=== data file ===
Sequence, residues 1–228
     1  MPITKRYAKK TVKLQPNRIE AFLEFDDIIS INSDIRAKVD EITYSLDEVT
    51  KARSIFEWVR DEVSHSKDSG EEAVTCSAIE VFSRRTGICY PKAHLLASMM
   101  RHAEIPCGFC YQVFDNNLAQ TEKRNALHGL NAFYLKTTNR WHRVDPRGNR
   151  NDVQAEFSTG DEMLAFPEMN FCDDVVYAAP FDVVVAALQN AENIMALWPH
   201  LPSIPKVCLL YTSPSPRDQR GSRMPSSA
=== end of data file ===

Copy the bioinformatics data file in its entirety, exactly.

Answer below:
Sequence, residues 1–228
     1  MPITKRYAKK TVKLQPNRIE AFLEFDDIIS INSDIRAKVD EITYSLDEVT
    51  KARSIFEWVR DEVSHSKDSG EEAVTCSAIE VFSRRTGICY PKAHLLASMM
   101  RHAEIPCGFC YQVFDNNLAQ TEKRNALHGL NAFYLKTTNR WHRVDPRGNR
   151  NDVQAEFSTG DEMLAFPEMN FCDDVVYAAP FDVVVAALQN AENIMALWPH
   201  LPSIPKVCLL YTSPSPRDQR GSRMPSSA